He went on to say, "More guns in the workplace means less violence--Arizonans, of all people, should know that."

this might be a fictional account but it speaks much truth

Terry Ballard, aren't there many out of print government documents of great interest which are not available in electronic form?

Also, it is often a lot easier to browse a book for general classes of information than it is to do a word-search using an online version, even when they exist.

Not only is this true because general categories don't lend themselves as well to word searches, but also because word searches can bring up an overwhelming number of hits, each of which has only a tiny portion of text associated with it in a long table of results, so determining whether the hits are relevant may be daunting and time consuming.

It's faster and easier to flip paper pages and visually scan as one does, than to scroll through online text. Oversize books make this even easier, relative to tiny online print (or, if zoomed, a full page doesn't fit on the screen); and I have often found scanned documents with entire tables divided into multiple pages, some of which may be upside down or sideways. Trying to figure out what one is looking at can be a nightmare.

Finally, it's much easier to DISCOVER previously unknown items of interest when one can walk through a physical documents collection, browse titles and quickly flip through pages, especially when they are all concentrated in a single room or on a single floor, and particularly when one doesn't know a specific title or type of of document to begin with. A CD must be requested by title or call number and loaded. In the time it takes to examine it, half a dozen physical titles could have been browsed and replaced.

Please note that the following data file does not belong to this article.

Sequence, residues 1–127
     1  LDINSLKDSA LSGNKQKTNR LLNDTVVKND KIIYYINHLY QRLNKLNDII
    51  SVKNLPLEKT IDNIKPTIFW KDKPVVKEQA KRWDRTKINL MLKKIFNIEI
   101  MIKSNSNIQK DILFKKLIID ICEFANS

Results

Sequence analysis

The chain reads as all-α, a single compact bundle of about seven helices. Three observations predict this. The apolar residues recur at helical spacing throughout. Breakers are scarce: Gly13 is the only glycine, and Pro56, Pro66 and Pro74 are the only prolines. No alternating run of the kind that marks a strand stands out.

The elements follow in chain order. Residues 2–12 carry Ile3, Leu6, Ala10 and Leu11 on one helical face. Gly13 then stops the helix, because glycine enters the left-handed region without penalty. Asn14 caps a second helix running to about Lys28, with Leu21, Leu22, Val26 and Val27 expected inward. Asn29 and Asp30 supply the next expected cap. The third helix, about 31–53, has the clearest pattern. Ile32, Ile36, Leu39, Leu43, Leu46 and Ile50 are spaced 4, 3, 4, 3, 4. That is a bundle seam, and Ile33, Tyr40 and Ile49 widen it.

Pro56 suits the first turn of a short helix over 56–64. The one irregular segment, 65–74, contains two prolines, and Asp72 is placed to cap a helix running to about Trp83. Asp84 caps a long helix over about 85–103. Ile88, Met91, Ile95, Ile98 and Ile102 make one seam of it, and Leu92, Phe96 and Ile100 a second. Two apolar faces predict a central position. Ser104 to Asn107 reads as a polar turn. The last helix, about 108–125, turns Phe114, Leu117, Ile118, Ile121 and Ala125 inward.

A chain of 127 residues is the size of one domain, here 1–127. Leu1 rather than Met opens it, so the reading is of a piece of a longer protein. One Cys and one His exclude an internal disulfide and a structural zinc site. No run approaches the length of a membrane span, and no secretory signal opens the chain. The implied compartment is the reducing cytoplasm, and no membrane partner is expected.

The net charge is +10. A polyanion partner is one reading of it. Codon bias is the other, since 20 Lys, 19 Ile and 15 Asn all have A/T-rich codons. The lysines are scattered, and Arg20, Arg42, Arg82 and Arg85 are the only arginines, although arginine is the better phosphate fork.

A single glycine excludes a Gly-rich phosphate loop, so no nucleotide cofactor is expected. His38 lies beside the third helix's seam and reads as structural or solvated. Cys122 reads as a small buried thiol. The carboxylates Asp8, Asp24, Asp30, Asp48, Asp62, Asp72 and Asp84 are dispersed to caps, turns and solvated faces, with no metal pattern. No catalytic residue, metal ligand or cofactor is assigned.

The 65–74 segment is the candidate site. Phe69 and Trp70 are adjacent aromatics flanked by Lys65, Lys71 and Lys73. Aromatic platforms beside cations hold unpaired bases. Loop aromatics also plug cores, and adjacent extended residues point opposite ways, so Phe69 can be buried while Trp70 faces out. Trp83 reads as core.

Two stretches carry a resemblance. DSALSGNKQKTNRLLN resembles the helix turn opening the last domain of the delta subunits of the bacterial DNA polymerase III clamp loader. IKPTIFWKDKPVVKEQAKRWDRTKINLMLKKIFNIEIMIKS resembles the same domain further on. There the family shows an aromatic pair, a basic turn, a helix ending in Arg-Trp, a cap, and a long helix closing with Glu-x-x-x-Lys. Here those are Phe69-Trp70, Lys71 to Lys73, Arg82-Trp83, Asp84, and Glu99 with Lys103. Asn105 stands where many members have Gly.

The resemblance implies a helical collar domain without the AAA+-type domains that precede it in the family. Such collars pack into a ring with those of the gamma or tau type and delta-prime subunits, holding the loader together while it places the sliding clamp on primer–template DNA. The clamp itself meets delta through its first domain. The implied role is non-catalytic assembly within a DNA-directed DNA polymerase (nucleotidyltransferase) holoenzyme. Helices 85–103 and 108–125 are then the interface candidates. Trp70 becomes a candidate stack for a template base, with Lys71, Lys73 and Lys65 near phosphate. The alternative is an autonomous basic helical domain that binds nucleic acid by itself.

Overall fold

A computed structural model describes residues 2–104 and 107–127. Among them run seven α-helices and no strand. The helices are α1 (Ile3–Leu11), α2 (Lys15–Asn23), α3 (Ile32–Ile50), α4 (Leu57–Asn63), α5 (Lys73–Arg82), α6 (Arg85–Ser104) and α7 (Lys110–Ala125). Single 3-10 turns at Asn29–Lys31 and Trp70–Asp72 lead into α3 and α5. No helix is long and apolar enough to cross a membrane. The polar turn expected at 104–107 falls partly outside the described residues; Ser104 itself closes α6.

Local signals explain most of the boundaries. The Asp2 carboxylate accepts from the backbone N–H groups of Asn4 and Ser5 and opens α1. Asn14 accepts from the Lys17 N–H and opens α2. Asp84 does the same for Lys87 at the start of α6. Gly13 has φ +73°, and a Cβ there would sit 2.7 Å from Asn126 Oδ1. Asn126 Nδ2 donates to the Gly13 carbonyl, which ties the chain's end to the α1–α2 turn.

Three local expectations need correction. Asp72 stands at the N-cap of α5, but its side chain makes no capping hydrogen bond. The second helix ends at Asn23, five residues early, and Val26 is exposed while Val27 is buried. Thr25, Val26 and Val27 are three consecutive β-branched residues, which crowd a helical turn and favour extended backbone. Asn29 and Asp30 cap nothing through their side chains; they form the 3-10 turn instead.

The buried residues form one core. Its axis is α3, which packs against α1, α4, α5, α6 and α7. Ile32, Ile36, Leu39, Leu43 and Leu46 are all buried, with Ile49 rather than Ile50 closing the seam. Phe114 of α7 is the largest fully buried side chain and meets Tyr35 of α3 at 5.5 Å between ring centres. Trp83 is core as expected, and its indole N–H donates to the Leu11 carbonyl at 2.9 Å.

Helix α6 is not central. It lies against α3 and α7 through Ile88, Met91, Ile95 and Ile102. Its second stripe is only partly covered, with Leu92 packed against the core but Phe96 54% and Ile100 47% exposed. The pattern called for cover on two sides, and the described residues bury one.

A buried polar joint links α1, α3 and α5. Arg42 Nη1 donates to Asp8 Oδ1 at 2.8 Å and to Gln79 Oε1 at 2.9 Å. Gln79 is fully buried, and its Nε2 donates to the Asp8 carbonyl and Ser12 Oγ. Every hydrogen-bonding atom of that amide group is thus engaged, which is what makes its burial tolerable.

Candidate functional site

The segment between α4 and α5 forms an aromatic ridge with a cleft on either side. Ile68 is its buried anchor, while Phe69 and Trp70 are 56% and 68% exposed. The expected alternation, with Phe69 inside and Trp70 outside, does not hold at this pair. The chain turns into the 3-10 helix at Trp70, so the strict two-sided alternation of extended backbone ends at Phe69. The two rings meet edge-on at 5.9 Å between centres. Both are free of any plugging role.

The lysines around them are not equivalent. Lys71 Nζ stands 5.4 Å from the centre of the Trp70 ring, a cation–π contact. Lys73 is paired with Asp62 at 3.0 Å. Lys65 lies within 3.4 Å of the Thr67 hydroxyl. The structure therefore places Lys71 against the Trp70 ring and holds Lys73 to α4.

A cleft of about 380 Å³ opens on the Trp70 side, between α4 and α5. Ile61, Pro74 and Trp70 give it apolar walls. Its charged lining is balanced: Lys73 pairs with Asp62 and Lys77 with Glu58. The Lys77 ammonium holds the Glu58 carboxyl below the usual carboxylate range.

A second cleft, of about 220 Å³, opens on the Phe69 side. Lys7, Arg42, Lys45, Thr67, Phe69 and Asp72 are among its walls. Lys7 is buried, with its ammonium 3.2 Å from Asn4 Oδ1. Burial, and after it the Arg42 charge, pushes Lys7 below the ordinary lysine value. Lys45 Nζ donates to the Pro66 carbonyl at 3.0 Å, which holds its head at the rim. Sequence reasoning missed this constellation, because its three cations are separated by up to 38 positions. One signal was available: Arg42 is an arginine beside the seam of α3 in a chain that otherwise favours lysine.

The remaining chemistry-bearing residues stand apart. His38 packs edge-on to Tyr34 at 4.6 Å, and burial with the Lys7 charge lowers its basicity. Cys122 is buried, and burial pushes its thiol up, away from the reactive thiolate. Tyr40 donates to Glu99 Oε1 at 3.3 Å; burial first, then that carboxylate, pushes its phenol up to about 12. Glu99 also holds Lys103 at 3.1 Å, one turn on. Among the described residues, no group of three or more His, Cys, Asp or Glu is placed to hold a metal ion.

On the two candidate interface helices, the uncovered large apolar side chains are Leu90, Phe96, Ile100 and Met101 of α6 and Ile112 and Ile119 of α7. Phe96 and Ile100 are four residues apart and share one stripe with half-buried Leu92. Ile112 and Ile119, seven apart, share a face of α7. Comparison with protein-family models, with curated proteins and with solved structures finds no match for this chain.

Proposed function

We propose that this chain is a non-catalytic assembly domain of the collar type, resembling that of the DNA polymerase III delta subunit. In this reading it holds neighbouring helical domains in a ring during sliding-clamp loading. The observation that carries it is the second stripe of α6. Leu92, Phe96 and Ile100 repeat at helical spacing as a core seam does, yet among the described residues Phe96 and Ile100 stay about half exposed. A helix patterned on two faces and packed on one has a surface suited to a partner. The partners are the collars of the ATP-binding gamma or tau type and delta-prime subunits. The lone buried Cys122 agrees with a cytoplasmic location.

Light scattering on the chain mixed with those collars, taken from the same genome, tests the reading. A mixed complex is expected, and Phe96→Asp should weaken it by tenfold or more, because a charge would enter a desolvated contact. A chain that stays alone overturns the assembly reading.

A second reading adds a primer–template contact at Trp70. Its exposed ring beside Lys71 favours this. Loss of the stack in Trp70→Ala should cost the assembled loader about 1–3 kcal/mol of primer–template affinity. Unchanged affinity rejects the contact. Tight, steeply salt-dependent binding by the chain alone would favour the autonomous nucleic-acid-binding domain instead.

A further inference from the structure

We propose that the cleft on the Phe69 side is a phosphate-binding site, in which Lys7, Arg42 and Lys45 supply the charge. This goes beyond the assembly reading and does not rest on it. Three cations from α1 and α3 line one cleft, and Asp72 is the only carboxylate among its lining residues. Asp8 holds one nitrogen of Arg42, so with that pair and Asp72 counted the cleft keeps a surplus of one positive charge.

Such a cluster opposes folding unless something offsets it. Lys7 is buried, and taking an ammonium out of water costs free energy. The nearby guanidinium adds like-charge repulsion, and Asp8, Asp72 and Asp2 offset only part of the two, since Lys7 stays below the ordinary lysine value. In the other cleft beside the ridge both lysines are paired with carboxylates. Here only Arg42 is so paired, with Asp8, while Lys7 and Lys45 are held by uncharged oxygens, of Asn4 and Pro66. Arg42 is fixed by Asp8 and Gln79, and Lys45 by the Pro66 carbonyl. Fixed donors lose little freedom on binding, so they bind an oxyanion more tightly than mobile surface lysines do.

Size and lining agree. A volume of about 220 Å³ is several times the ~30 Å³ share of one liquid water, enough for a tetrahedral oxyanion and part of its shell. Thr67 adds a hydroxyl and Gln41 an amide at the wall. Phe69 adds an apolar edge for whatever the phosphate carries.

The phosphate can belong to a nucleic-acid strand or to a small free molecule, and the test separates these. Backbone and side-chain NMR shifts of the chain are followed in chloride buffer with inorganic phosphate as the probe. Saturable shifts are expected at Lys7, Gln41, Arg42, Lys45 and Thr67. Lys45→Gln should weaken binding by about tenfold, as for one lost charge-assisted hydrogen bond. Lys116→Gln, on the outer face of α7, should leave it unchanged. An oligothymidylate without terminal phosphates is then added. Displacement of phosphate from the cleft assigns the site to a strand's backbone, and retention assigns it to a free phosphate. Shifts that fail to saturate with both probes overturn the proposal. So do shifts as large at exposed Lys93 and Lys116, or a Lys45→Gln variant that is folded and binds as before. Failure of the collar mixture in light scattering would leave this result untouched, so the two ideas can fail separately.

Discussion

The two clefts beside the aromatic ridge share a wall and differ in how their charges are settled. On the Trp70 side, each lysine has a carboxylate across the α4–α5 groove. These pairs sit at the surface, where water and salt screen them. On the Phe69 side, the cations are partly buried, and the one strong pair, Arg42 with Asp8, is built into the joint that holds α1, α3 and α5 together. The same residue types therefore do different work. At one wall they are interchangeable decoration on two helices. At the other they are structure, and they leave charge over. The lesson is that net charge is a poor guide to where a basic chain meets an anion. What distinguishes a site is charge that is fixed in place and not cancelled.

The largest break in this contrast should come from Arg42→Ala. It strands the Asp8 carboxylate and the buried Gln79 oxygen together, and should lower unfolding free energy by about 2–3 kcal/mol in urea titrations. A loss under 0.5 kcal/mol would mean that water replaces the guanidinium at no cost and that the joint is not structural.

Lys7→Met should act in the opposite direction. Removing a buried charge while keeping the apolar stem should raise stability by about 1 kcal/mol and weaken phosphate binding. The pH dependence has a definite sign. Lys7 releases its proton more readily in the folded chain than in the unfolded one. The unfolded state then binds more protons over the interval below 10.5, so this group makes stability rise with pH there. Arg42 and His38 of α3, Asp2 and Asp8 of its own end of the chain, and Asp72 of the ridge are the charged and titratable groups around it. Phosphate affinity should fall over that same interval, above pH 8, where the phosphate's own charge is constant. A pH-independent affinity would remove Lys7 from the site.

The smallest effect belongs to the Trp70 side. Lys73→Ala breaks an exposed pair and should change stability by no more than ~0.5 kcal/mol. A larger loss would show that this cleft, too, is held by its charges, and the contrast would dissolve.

(Out of time.)

Phoenix just ain't got it!

I keep thinking to myself why do I have such a love hate relationship with Phoenix - more dislike than love and you keep giving me eloquent answers.

The smell of books, dust, decay and the smell of the ancient paneled places they reside provide one with a much richer experience than when when your hard drive burns up while scrolling thru mind dumbing downloaded documents.

NPR had an interesting interview with gang members in south L.A. on gun laws. Asked if new gun laws would reduce the number of guns on the street, the kids were quite clear, NO.

They advised if the have the money they can make one phone call and buy any gun they desire. No guns shows, no gun retail outlets, no Walmarts, just one phone call. No registration, no background check, no nada, just one phone call.

When GANG member was asked for a solution, there was a long pause and a "probably more cops."

AZREBEL, U read the one about the guy that was killed by a falling Sahuaro that he was trying to destroy with a gun?

More Sahuaros, less asphalt
Hasta Luego
The OLD Sahuaro Kid

"You can't be the Sahuaro Kid when you're older than the sahauro." -AZrebel

I may now need a new computer screen... ;-)

I have more to post on Phoenix later... but Cal brings up a interesting point about gangs and guns: Of course they don't go through legal channels to purchase guns. Guns are purchased by gangs much the same way cartels in Mexico go about arming their members. Organized straw-buying operations are used to purchase guns in places with lax gun controls and are then funneled to gangs. I believe this is the problem facing Chicago. Guns from states around Illinois, purchased legally (sometimes stolen from homes where guns weren't secured properly), make their way to the inner city.

It's econ 101
U make it illegal
I'll make an illegal fortune
selling it.

And I dont believe the stats that say the United States supplies "most" the guns in Mexico. Try Russia and and other European countries.

Chicago, thats just across the border from Juarez? I believe EL Paso is ranked as one of the more safer cities in the US?